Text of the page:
Local delivery by site specific carriers describes attaching the pharmaceutical agent to a carrier which will direct the drug to the proliferative lesion. Examples of this delivery technique includes the use of carriers such as a protein ligand or a monoclonal antibody. Lange, Science 249:1527-1533 (September, 1990).
Local delivery by direct application includes the use of topical applications. An example of a local delivery by direct application is applying the pharmaceutical agent directly to the arterial bypass graft during the surgical procedure.
Local delivery by direct injection describes injecting fine particles of dipyridamole suspended in an inert carrier such as sterile saline solution directly into the proliferative site.
The dosage of dipyridamole required to produce the inhibitory effect is dependent upon the local delivery technique used in administration. The preferred dosage range of an inhibitory amount of dipyridamole is defined to be about 1 μg/day to about 100,000 μg/day delivered at or near the proliferative site.
A critical aspect of the present invention provides for the local delivery of dipyridamole to prevent cell proliferation. Cellular proliferation may be induced by cytokines such as interleukin-1 (IL-1) or multiple growth factors such as platelet-derived growth factor (PDGF), epidermal growth factor (EGF), and/or fibroblast growth factor (FGF).
Previous attempts to use dipyridamole for the treatment of restenosis have been ineffective due to the systemic method of administration. Systemic administration includes delivery techniques that introduce the pharmaceutical agent to the entire organism. Examples of systemic delivery include oral and intravenous administration.
Serum reduces the effectiveness of systemically administered dipyridamole as an inhibitor of cell proliferation. The effect of serum on the antiproliferative activity of dipyridamole was demonstrated as follows: Smooth muscle cells from rabbit aorta (derived by explant method as described in Ross, Journal of Cell Biology 50:172 (1971)) were seeded in 96 well tissue culture plates in Dulbecco's Modified Eagle's Medium (DMEM) containing 10% fetal bovine serum (Gibco Laboratories, Grand Island, N.Y.), 2 mM L-glutamine, 100 U/ml penicillin, and 100 μg/ml streptomycin. Growth arrested, confluent cultures in 96 well microtiter plates were incubated in medium containing 1%, 5% or 20% serum (Hyclone Laboratories, Logan, Utah), 2 mM L-glutamine, 100 U/ml penicillin, 100 μg/ml streptomycin, 40 ng/ml PDGF (Genzyme, Cambridge, Mass.), 1 μci/ml 3 H thymidine (DuPont, Boston, Mass.) and indicated concentrations of dipyridamole (Sigma Chemical, St. Louis, Mo.). Cells were incubated at 37° C. for 24 hours under 5% CO2 /95% air. At the end of 24 hours, cells were fixed in methanol and DNA synthesis was determined by 3 H thymidine incorporation as described in Bonin et al., Exp. Cell Res. 181, 475-482 (1989). The following table demonstrates that increasing concentrations of serum attenuate the growth inhibitory effects of dipyridamole.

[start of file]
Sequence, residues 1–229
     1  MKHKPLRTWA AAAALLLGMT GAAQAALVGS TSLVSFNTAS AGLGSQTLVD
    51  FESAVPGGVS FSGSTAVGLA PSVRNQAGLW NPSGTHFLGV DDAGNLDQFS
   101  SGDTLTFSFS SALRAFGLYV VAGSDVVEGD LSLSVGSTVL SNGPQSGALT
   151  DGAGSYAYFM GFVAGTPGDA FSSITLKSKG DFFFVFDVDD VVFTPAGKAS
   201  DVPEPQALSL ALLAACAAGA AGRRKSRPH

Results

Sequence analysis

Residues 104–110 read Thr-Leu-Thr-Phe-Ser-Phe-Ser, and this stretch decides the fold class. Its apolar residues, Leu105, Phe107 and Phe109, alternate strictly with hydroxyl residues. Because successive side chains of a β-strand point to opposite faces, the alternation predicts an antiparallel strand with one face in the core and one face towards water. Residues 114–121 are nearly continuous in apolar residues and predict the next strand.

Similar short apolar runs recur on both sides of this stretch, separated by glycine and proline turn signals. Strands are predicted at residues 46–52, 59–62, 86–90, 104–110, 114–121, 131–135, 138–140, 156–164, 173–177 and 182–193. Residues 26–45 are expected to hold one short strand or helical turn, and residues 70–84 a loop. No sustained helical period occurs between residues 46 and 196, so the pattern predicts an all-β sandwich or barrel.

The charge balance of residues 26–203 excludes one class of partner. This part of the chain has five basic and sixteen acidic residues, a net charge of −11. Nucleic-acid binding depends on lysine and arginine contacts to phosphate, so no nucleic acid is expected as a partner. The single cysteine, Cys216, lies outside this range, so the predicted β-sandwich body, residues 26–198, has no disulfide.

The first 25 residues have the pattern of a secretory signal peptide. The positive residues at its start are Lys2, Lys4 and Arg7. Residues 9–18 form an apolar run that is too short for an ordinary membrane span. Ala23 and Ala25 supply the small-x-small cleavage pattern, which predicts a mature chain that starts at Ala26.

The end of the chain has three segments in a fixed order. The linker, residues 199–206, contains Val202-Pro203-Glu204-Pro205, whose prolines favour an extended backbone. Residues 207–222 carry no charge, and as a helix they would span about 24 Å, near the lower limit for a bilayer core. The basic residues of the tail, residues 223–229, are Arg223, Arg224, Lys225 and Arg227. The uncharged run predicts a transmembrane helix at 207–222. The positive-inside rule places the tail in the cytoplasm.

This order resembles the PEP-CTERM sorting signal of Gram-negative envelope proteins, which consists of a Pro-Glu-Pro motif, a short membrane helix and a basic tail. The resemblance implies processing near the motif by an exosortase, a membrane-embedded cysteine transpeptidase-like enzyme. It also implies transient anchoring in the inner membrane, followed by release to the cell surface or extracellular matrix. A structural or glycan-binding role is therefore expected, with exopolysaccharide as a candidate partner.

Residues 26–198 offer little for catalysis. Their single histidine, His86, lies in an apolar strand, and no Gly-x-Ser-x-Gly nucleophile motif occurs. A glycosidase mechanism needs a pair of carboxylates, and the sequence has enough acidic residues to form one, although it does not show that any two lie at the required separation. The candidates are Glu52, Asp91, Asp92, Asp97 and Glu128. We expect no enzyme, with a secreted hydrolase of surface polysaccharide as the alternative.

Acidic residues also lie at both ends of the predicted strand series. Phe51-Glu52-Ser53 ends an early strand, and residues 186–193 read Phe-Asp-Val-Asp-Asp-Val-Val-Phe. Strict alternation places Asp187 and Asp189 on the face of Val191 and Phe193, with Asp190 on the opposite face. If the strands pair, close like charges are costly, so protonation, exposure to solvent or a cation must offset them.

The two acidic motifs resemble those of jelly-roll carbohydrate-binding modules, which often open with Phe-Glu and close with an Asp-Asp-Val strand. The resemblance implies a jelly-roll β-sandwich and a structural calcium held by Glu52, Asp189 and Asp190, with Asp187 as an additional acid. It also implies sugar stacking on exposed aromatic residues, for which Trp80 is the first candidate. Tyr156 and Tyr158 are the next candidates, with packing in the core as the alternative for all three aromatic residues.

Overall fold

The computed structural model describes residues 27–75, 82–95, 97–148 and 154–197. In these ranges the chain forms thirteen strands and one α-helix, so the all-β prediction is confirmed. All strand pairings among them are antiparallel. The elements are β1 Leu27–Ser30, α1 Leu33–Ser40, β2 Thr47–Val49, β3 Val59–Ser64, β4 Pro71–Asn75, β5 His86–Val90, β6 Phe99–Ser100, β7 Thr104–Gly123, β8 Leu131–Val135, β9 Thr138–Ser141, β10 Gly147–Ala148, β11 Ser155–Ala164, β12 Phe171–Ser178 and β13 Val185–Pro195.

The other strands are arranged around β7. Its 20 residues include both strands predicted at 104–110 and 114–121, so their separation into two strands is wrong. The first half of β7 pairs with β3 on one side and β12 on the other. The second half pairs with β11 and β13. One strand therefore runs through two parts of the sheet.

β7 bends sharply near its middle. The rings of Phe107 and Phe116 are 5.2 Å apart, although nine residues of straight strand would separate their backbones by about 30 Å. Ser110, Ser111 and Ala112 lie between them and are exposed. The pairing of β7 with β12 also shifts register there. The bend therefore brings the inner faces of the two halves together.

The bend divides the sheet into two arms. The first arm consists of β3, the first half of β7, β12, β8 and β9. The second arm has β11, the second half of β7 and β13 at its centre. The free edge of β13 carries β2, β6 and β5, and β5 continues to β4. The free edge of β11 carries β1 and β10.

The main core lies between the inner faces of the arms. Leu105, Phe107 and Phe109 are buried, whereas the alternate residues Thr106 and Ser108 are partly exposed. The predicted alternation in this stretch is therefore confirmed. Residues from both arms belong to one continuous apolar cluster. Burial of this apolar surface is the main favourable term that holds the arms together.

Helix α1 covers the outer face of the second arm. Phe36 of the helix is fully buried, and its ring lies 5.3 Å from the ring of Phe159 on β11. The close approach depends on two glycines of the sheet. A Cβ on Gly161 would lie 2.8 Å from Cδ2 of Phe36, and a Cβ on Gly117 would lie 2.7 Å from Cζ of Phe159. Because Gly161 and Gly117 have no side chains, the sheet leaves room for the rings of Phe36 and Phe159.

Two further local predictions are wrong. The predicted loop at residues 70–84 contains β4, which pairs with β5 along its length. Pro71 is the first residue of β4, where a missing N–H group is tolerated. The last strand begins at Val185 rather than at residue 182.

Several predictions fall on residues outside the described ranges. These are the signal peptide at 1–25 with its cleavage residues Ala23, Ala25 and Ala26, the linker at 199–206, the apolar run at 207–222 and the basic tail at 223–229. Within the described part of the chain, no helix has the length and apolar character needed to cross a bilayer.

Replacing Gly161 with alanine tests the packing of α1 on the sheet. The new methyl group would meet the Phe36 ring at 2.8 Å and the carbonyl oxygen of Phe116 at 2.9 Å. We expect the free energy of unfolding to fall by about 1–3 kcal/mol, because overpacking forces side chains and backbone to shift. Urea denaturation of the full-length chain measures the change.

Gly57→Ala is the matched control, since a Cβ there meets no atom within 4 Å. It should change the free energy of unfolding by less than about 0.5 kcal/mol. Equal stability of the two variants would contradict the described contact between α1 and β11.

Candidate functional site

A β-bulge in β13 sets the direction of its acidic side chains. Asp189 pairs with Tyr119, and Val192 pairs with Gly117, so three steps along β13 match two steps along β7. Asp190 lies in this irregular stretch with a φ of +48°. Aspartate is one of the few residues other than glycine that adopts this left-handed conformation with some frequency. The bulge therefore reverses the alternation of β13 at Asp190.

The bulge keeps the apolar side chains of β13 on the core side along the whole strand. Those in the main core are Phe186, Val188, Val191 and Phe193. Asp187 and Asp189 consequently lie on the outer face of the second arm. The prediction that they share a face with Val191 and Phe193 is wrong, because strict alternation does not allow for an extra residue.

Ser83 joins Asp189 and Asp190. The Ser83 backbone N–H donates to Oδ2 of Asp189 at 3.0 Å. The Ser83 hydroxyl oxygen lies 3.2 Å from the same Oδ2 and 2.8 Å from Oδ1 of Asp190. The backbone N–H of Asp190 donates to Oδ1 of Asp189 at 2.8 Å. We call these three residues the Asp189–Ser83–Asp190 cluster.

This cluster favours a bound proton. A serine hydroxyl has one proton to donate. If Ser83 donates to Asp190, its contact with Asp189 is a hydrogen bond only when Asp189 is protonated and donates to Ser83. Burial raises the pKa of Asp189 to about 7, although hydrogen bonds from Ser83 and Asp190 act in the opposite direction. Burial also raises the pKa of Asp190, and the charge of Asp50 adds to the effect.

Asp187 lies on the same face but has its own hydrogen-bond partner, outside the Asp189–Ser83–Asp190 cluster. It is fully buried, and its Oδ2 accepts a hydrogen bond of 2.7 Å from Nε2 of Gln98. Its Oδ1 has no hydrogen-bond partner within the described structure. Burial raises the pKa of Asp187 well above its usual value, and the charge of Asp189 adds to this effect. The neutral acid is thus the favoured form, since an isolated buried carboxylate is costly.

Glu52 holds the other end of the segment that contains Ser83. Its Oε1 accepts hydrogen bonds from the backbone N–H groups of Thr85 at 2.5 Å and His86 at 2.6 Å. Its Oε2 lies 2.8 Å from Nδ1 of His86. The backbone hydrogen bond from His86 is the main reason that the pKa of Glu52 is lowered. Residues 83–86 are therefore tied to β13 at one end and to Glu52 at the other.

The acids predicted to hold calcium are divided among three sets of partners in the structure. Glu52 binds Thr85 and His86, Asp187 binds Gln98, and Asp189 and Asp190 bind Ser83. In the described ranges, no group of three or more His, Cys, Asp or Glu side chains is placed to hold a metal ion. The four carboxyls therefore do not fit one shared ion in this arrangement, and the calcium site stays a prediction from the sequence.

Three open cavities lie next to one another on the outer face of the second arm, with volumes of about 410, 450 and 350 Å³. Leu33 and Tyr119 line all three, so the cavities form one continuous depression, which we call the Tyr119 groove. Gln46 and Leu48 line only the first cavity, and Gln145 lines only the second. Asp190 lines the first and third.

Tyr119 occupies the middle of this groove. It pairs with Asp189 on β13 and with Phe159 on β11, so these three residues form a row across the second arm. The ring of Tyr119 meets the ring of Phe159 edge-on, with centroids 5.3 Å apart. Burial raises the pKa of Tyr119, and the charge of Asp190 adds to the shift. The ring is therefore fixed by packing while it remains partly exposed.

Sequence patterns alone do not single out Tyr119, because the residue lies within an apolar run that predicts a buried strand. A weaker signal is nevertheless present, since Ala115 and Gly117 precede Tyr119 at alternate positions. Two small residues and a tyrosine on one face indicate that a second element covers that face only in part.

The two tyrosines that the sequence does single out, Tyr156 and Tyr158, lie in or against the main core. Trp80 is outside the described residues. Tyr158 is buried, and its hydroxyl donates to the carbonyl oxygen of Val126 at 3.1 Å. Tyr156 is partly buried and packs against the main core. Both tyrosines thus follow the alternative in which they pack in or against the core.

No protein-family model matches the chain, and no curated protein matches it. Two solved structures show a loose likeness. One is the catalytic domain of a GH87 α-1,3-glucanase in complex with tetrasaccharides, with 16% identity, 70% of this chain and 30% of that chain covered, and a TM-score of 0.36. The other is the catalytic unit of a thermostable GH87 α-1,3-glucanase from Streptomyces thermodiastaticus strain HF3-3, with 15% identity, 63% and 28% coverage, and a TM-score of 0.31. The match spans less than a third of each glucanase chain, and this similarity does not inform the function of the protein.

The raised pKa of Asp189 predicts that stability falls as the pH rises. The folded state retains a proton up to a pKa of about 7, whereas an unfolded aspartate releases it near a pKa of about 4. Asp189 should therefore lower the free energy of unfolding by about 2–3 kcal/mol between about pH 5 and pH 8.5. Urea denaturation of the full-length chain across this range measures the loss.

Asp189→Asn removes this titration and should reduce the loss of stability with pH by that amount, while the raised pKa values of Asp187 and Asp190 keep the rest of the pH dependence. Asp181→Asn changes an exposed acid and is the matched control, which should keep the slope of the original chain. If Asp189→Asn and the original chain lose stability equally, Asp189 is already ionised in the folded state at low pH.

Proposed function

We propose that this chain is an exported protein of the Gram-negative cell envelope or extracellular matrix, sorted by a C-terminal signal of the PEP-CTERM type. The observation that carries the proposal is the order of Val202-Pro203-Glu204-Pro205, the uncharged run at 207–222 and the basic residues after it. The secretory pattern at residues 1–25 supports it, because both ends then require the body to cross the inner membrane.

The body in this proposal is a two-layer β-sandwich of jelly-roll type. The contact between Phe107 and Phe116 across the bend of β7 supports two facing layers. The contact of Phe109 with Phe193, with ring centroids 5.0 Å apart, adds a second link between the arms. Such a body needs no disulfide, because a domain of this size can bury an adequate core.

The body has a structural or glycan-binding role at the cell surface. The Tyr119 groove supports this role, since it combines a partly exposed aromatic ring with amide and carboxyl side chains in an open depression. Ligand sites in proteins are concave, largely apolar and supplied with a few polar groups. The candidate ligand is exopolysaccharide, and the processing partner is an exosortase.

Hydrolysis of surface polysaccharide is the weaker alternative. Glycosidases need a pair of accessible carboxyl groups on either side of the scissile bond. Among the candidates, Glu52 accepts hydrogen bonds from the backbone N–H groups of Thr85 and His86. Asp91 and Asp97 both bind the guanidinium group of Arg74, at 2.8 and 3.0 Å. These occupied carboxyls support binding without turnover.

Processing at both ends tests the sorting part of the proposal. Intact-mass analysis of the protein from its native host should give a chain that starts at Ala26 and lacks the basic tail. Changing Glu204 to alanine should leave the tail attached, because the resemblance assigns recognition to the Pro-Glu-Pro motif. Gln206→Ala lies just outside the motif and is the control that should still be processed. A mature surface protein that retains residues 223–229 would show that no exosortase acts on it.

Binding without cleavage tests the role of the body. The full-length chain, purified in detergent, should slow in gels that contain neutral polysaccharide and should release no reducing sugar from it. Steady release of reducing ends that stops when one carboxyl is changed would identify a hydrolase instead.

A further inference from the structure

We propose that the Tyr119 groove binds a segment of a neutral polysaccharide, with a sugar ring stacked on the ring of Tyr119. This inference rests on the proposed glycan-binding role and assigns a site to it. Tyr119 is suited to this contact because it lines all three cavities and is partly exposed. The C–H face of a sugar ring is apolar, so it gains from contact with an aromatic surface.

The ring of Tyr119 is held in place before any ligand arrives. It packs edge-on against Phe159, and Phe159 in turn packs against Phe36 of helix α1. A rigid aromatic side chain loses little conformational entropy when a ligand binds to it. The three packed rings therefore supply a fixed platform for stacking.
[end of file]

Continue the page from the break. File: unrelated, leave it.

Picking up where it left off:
TABLE 1______________________________________Effect of serum concentration oninhibition of DNA synthesis by dipyridamole.Dipyridamole % Inhibition of DNA Synthesis(μg/ml) 1% Serum 5% Serum 20% Serum______________________________________0 0 0 00.04 59 52 60.08 70 53 00.15 79 60 330.3 80 71 380.6 86 80 601.2 90 87 742.5 93 92 77______________________________________
The effect of systemically administered dipyridamole upon cell proliferation was demonstrated as follows:
Balloon injury to the left common carotid arteries of male Sprague-Dawley rats (350-400 g) was accomplished by three passes of an inflated 2F Fogarty balloon catheter (Baxter Healthcare, McGaw Park, Ill.) as described by Clowes et al., Lab Invest. 49:208-215 (1983). Animals were anesthetized with Ketamine (80 mg/kg, intramuscular, Aveco, Ft. Dodge, Iowa) and Rompun (16 mg/kg, intramuscular, Mobay Corp., Shawnee, Kans.). Entry of the balloon catheter to the left common carotid artery was made via a nick in the external carotid artery, which was tied off at the end of the surgical procedure. Dipyridamole was systemically administered for two weeks (0.03 and 0.10% wt/wt, as an admixture in the diet, equivalent to approximately 30 and 100 mg/kg/day, respectively). No significant effect upon intimal thickening in the balloon-injured rat carotid arteries was observed as demonstrated in Table 2.
TABLE 2______________________________________Effect of Systemic Administrationof Dipyridamole Upon Intimal ThickeningSystemic Administration Area of Intimalof Dipyridamole Thickening(% in diet, wt/wt) mm2, (% of control)______________________________________0.00 0.120 ± 0.014 (100)0.03 0.116 ± 0.017 (97.6)0.10 0.109 ± 0.014 (90.8)______________________________________